As reported in the Digest just a few weeks ago, they reported a 200% year over year increase in biodiesel sales volumes at their India plant. Their Q2 results showed the volumes rise high from 4,282 metric tons to 12,960 metric tons. Not only that, but they expanded the India plant and operations, representing a 106% increase from the prior year quarter and 22% of total revenue for the quarter – with $11.1 million of revenue just from India operations in Q2.

In July, the Digest reported that Aemetis’ Universal Biofuels India subsidiary ramped revenues to more than a $50 million per year run rate after biodiesel shipments commenced in May pursuant to the previously announced $23 million biodiesel supply contract to the three India government-owned Oil Marketing Companies (OMC’s).

Beyond biodiesel

Aemetis goes beyond biodiesel and as reported in The Digest in May, it is expanding into the biomethane business with their dairy biomethane digest project in Central California and $30 million of funding that began the permitting and construction phase of its multi dairy renewable biomethane digester cluster.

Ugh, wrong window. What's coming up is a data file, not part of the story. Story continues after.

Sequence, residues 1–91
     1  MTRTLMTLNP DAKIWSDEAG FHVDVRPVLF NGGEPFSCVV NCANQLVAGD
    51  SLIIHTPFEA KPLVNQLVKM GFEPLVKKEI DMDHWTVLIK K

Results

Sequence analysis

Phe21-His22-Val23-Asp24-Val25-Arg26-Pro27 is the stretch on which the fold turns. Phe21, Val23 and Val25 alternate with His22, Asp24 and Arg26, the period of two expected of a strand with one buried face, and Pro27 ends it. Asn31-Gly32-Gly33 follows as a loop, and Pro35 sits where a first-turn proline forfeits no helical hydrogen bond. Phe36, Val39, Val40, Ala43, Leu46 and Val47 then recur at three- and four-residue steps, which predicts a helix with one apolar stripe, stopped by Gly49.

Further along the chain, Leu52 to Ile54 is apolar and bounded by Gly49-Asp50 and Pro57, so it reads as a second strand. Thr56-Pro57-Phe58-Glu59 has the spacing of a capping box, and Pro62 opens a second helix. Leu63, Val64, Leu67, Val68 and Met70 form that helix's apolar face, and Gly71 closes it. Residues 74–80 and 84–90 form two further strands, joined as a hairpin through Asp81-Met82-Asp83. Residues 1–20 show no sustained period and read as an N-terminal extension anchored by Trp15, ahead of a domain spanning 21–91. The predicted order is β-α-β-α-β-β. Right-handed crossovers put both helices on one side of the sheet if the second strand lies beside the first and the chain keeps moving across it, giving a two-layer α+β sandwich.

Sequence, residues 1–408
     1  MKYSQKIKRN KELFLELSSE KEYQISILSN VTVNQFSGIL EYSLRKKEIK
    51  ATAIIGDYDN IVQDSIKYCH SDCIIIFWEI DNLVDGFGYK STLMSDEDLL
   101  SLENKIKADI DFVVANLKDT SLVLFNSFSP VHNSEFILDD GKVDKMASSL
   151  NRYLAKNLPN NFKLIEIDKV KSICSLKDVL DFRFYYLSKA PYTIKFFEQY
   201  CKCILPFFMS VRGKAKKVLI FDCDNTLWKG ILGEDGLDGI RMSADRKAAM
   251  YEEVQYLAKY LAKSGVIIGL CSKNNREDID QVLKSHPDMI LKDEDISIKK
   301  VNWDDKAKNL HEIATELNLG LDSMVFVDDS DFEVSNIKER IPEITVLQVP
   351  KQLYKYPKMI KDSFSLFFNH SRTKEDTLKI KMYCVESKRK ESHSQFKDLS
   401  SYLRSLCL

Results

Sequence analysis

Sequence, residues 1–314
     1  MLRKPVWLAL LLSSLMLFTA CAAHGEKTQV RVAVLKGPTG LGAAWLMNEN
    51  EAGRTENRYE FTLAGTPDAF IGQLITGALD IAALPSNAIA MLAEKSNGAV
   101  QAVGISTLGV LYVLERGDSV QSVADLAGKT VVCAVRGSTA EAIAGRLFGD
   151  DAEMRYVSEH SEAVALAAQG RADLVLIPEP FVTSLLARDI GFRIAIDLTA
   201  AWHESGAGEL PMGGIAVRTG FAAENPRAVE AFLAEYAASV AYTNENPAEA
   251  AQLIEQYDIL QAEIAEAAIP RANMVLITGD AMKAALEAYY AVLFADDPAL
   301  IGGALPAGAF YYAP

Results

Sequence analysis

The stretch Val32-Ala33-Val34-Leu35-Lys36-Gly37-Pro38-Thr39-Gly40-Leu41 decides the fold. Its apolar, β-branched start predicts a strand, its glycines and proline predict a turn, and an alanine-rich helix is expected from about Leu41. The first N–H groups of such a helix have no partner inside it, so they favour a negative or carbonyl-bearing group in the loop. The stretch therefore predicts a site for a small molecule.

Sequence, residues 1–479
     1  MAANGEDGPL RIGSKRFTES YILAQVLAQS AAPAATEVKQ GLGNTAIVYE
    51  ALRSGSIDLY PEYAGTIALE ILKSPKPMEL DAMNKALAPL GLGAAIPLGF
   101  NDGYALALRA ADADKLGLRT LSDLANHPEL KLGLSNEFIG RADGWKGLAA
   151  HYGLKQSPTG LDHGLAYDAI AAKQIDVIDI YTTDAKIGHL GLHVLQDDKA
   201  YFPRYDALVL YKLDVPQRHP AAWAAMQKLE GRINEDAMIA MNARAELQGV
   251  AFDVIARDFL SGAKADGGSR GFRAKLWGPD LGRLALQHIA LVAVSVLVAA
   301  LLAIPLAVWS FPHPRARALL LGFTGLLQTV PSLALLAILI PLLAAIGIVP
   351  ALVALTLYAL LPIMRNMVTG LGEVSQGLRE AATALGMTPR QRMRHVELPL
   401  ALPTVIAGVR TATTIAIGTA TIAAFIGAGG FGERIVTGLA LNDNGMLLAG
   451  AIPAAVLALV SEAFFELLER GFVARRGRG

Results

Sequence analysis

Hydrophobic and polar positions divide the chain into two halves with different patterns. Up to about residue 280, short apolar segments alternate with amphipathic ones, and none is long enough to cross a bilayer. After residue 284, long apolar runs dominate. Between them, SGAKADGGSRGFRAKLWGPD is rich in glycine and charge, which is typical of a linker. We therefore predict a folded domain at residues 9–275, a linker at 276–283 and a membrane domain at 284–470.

Aemetis continues to advance its ultra-low carbon California cellulosic ethanol biorefinery, which is expected, upon completion, to add approximately $80 million of high margin revenues. Utilizing thousands of tons of waste wood from California’s Central Valley, the Aemetis cellulosic ethanol biorefinery is expected to produce the state’s lowest carbon ethanol fuel and reduce greenhouse gas emissions in the process. More on the Riverbank project here. And for more on Aemetis overall, check out The Digest’s 2019 Multi-Slide Guide to Aemetis here.